All preliminary measures for the delivery of Russian S-400 missile defense systems to Turkey are complete, the head of Russia’s arms export company Rosoboronexport said on June 26.
Russia received payment for the air defense missiles, manufactured the hardware and completed the training of the Turkish military personnel who would operate them, Alexander Mikheev said in an interview with Russian news agency Interfax.
He confirmed Turkish President Recep Tayyip Erdoğan’s announcement on June 25 that delivery would begin in July.
Tensions between the U.S. and Turkey have reached a fever pitch in recent months with Turkey set to begin receiving the advanced S-400 Russian surface-to-air missile system that Washington said will jeopardize Turkey’s role in the F-35 fighter jet program and which could trigger congressional sanctions.
Foreign Minister Mevlüt Çavuşoğlu defied the United States’ sanction threats over Turkey’s purchase of Russian made S-400 missile defense systems, underlining that other international partners of the F-35 project have been annoyed by Washington’s decision to respond by halting training of Turkish pilots.
“No matter what sanctions decision, no matter which statement comes from the U.S., we have already bought the S-400s,” Çavuşoğlu told reporters at a joint press meeting with his Rwandese counterpart Dr. Richard Sezibera on June 24. “Now we are talking about when the S-400s will be delivered to Turkey. It is not possible for us to give up on the purchase of the S-400.”
Recalling recent U.S. steps to remove Turkey from the F-35 fighter jet program, Çavuşoğlu said the two issues are incompatible and other partners in the F-35 program do not support the U.S. steps.
“All decisions should be taken by consensus,” the minister said, reiterating that Turkey is also a partner in the program and has made large contributions. Turkey is one of nine nations led by the United States that carries out the Joint Strike Fighter (JSF) project along with the United Kingdom, Italy, Canada, Australia, the Netherlands, Denmark and Norway.
Former acting U.S. Secretary of Defense Patrick Shanahan has informed his Turkish counterpart that Turkey’s participation in the F-35 program will cease on July 31 if Turkey deploys Russian S-400s on its soils.
“These kinds of steps taken by the U.S. are not compatible with the partnership agreement or the law,” Çavuşoğlu said, adding that Washington failed to agree with any of Turkey’s proposals to resolve the dispute.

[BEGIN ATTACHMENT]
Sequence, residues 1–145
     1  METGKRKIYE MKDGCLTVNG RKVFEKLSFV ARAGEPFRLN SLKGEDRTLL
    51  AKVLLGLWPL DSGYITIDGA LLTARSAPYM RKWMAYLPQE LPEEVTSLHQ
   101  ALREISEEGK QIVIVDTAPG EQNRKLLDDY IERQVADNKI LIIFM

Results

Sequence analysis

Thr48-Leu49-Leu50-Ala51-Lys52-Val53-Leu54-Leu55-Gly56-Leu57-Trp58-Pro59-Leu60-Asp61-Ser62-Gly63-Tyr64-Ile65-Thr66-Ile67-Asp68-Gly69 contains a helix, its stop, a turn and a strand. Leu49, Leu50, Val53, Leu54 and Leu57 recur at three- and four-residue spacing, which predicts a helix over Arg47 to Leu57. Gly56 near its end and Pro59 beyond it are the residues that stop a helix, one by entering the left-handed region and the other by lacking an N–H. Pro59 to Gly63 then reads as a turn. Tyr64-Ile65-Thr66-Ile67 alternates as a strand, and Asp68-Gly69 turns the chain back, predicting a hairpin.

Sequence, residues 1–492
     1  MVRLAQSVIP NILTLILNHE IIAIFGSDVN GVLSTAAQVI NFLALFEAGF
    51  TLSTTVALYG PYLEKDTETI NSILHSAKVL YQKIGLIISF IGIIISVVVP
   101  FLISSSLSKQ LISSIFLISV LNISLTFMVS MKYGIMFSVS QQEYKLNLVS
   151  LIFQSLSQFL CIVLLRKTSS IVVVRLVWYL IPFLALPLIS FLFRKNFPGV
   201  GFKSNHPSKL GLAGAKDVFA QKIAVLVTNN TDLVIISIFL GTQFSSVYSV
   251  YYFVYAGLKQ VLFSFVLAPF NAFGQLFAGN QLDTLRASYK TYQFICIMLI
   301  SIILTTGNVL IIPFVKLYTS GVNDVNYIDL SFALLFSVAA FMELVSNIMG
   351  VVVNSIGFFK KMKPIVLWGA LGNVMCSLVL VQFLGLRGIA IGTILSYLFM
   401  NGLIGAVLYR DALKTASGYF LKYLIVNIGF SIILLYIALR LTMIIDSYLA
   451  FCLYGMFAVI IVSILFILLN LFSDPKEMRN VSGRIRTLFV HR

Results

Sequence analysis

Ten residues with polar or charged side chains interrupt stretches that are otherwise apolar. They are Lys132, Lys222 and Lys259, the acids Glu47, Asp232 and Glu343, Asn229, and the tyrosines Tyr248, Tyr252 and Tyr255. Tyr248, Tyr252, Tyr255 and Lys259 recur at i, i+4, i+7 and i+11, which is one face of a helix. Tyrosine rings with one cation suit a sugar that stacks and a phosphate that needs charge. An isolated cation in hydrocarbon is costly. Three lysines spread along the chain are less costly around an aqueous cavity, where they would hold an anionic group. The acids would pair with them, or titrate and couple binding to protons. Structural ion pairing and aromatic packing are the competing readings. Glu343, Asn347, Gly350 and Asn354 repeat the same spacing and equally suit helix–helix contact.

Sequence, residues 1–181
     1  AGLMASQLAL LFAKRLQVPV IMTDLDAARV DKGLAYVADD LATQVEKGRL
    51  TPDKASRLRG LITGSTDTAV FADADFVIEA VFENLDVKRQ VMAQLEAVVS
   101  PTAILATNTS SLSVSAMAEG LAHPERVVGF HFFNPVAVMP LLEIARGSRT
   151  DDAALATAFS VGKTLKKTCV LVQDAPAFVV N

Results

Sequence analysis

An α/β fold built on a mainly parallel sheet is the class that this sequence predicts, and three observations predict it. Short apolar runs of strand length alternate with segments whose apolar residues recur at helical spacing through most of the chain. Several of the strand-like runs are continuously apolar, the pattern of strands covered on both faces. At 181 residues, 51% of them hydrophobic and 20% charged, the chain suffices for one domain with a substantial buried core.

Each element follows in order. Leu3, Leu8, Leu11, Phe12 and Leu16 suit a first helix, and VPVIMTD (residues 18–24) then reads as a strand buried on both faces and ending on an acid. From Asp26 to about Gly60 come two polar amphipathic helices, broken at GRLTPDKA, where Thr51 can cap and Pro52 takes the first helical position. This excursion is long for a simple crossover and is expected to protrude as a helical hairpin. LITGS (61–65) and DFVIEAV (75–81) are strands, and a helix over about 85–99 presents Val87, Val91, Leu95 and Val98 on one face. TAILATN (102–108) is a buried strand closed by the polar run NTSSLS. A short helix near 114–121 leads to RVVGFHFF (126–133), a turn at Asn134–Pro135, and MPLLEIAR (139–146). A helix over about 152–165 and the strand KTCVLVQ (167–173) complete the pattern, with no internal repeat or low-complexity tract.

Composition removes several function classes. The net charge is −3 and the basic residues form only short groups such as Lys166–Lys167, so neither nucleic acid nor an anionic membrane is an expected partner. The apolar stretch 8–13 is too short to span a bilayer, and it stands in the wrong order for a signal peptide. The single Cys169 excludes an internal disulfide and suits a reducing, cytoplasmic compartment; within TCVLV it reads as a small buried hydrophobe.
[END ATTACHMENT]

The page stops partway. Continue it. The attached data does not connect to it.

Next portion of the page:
Çavuşoğlu also underlined that there is no guarantee of NATO protection in the event of an attack on Turkey, and the capacity of the alliance covers only 30 percent of Turkish air space at the moment. Furthermore, he said, NATO allies, especially the United States, Germany and the Netherlands; have withdrawn their Patriot missiles from along the Turkish border.
The top diplomat also thanked Italy and Spain for extending their air defense system deployment, adding that these extensions helped Turkey to defend its aerial domain.
“There is no guarantee that we can purchase Patriots tomorrow if we want to,” Çavuşoğlu said, elaborating on the ongoing talks with the United States for procurement of the American air defense system.
“We need to address our own needs. We would have liked to buy [air defense systems] from our allies,” he said, adding that U.S. President Donald Trump and Turkish President Recep Tayyip Erdoğan will discuss the matter.
“Trump understands the issue quite well, yet as always, different opinions rise from the U.S.,” he said.
Tensions between the two countries have escalated in recent months, with Turkey set to begin receiving the advanced S-400 Russian surface-to-air missile defense system, which Washington said will jeopardize Turkey’s role in the F-35 program and could trigger sanctions.
U.S. officials advised Turkey to buy the U.S. Patriot missile system rather than the S-400s from Moscow, arguing the Russian system would be incompatible with NATO systems and expose the F-35 to possible Russian subterfuge.
Turkey, however, emphasized that the S-400 would not be integrated into NATO systems and would not pose a threat to the alliance. Turkey has urged the formation of a commission to clarify any technical issues, but the United States has failed to respond to its proposal.
Turkey made the decision in 2017 to purchase the S-400 system following protracted efforts to purchase air defense missiles from the U.S. with no success.